NEW DELHI – Few countries sentence more people to death than India. Whether those punishments are actually carried out is another matter. Though well over a thousand people have been sent to death row this century, just three have been executed.
Yakub Abdul Razak Memon will soon be the fourth. Jailed for his supporting role in the 1993 Mumbai bombings that killed 257 people, he has made many appeals and is scheduled to be hanged Thursday.
About 300 prominent citizens, including at least eight retired judges of the Supreme Court and the Delhi High Court, have urged India's president to commute Memon's sentence to life in prison, reflecting what appears to be growing uneasiness in India with the death penalty. Yet some of the most ardent supporters of capital punishment are leaders of the ruling Hindu nationalist Bharatiya Janata Party.
"Right now, it's imperative that this conspirator is hanged to death. So it sends a message to the terrorists the world over, that India is not soft on terror," said Shaina N.C., a BJP spokesperson.
But Yakub's last hopes of a reprieve, or even a delay in his execution, were belied. A new three-judge panel that Wednesday examined last week's Supreme Court decision rejecting his clemency plea, ruled that there had been no procedural lapses in reaching that verdict. Memon had exhausted all legal remedies
It is President Pranab Mukherjee rather than the more powerful prime minister, Narendra Modi, who is empowered to pardon condemned criminals under India's constitution. By Wednesday, yet another appeal was awaiting a decision by the president. Also, Mukherjee had yet to respond to appeals from citizens including political leaders, journalists, artists and academics over Memon's death sentence.
Memon, an accountant, was convicted of providing financial and logistical support in the series of bombings that shook India's business and entertainment hub in 1993. Those appealing for a commutation highlighted the time he has already spent in jail, that the main conspirators of the terror attacks on Mumbai were living freely in Pakistan and Dubai and that the death sentences of convicts in other terror-related cases had been commuted.
Memon's last appeals for clemency come at a time when a government-appointed panel that frames laws for the country has held a rare debate, seeking the views of lawmakers, social scientists, journalists, lawyers and opinion makers across the country on the death penalty and whether it is time to do end it.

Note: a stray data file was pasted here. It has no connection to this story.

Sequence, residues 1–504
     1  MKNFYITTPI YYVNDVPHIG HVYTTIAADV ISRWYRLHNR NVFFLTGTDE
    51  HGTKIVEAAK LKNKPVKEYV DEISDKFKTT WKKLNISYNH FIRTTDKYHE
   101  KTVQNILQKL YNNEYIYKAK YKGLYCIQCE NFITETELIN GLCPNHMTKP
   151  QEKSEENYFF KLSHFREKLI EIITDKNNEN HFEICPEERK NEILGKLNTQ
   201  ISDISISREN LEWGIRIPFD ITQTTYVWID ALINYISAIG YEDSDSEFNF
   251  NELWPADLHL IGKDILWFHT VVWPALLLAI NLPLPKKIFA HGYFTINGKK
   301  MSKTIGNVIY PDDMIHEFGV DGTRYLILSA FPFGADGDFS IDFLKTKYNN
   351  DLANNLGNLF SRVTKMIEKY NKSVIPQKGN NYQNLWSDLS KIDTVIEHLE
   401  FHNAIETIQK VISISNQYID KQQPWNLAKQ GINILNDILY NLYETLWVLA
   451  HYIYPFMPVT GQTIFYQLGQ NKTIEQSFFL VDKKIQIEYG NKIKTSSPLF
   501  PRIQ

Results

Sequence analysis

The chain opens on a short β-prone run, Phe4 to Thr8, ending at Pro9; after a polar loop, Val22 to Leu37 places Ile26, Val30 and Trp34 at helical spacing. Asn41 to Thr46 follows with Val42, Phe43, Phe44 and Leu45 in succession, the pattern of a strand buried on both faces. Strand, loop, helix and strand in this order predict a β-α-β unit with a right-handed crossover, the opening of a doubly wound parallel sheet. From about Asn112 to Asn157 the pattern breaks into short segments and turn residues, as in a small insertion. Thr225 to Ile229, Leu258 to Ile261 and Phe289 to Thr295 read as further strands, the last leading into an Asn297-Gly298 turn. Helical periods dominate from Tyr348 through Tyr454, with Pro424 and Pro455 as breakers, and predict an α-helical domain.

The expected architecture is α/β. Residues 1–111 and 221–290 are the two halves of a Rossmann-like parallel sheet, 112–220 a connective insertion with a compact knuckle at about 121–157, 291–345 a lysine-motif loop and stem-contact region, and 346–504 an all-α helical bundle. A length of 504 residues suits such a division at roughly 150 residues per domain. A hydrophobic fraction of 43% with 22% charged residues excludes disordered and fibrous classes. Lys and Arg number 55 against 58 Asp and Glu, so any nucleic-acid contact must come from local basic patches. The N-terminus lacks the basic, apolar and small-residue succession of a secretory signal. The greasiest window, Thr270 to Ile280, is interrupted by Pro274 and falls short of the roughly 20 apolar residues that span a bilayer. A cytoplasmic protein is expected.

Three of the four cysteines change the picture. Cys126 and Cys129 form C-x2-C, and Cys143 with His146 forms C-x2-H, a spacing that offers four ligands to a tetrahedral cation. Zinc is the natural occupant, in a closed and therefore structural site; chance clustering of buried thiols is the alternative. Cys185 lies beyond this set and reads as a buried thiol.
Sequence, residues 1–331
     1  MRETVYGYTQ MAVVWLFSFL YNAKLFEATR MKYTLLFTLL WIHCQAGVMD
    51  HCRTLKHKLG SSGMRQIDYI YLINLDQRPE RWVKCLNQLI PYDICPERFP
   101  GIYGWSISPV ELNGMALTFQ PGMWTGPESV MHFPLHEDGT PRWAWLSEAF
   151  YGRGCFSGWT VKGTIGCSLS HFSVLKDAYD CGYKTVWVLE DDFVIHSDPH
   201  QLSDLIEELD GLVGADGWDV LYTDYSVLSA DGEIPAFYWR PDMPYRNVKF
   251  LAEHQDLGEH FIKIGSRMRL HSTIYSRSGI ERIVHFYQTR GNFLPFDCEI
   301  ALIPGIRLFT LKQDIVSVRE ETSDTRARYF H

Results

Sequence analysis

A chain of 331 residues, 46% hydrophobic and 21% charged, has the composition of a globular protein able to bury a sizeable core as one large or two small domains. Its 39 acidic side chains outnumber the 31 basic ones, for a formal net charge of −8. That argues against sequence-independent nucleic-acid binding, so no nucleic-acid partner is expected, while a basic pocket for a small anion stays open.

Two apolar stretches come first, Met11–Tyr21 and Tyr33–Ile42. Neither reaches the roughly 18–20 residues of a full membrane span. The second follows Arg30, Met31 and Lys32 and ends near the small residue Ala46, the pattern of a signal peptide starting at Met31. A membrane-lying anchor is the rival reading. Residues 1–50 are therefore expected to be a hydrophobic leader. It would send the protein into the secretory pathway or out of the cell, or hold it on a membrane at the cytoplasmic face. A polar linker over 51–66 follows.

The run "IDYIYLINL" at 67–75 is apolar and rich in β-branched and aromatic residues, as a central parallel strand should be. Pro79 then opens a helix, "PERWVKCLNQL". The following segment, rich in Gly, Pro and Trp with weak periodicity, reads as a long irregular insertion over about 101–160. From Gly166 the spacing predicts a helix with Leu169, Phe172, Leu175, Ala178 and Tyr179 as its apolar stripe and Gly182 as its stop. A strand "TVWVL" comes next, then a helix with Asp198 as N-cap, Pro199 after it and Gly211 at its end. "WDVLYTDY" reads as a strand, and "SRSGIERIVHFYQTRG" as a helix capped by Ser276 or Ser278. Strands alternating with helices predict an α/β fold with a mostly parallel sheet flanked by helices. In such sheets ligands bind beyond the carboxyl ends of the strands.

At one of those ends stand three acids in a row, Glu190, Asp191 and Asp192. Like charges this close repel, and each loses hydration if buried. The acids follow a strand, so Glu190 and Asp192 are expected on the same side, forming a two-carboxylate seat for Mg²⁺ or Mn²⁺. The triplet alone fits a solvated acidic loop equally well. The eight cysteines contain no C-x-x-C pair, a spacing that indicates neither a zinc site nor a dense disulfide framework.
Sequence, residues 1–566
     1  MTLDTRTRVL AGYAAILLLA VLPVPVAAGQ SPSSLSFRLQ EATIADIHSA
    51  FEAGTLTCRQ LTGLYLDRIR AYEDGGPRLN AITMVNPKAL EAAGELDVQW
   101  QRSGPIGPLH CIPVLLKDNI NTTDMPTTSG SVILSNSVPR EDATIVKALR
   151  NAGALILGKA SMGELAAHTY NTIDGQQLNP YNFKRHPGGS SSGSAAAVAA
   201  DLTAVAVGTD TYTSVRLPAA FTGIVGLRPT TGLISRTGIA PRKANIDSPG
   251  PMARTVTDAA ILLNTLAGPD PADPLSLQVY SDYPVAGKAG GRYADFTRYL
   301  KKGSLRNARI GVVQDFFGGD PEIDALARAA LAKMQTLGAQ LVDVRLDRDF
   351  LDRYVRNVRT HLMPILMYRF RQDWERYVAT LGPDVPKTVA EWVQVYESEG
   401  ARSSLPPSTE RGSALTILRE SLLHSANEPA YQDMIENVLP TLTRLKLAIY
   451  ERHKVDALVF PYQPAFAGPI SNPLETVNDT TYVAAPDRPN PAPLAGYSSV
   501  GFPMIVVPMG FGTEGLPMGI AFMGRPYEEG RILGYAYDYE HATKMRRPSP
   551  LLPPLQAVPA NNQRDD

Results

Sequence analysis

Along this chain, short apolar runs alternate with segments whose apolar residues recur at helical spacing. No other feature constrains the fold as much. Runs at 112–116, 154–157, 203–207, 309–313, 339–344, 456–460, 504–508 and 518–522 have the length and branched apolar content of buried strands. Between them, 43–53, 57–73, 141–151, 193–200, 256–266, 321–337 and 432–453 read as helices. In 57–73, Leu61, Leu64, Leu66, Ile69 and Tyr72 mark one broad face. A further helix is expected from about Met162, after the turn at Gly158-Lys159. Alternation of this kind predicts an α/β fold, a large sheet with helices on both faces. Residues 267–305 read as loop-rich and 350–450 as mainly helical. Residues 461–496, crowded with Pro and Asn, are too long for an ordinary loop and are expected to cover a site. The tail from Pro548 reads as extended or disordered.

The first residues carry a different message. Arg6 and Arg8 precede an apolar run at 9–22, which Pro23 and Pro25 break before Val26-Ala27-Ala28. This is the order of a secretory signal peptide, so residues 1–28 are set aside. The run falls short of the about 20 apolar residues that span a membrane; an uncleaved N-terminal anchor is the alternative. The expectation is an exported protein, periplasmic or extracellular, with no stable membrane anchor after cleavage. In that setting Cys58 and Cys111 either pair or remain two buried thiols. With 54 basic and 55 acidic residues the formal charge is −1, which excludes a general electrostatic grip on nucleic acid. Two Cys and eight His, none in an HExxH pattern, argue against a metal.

Amid evidence that capital punishment has failed to serve as an effective deterrent against terror or crime, the objective of the Law Commission's discussions was to recommend whether to retain the death penalty or modify the conditions under which it would be applied. It's expected to make recommendations to the Supreme Court by the end of the year; any changes would eventually have to be approved by Parliament.
The number of countries that use capital punishment has steadily declined. Today, more than two-thirds of nations have abolished the death penalty in law or in practice.
Last year, Indian courts sentenced 64 people to death, making the country one of the top 10 out of 55 where capital punishment still exists.
According to recent research by the National Law University in New Delhi, since the year 2000 more than 1,600 people have been sentenced to death. A joint study conducted by the university and the Law Commission also found that three-fourths of prisoners on death row are poor people who cannot afford to hire lawyers who can argue their case and often go without legal representation.
For nearly a decade, however, India had an unofficial moratorium on executions. That ended in November 2012 with the hanging of Mohammed Ajmal Kasab, the lone surviving gunman in the 2008 Mumbai terror attacks. Two months later, Mohammad Afzal Guru, convicted in a deadly 2001 attack on India's Parliament complex, was also hanged. Both executions were done secretly, without any public notice.
The relatively low number of actual executions in India may reflect the Supreme Court's 1980 directive that the punishment be resorted to sparingly, and only in the "rarest of rare" cases.
"The death penalty is inherently cruel. It is also irreversible. India should join the many countries that have committed to the United Nations General Assembly resolution in 2007, calling for a moratorium on executions and to work toward complete abolition of the death penalty," said Meenakshi Ganguly of Human Rights Watch.
In recent years India's death penalty has effectively been reserved for the most devastating killings, and sometimes not even then. Last year, the Supreme Court commuted the death sentences for three inmates convicted of assassinating former Prime Minister Rajiv Gandhi in 1991, citing an 11-year delay in deciding on their appeals for mercy.
A leader of the BJP, Subramanian Swamy, said he opposes such leniency.
"You can't go on having mercy for people who have no mercy for the people of India," he said. "We have capital punishment; we must use it when people commit crimes against society."
Ganguly, however, said a better deterrent against crime or acts of terror would be "reforms to the criminal justice system, proper investigation and timely prosecution that ensures that criminals are convicted and punished."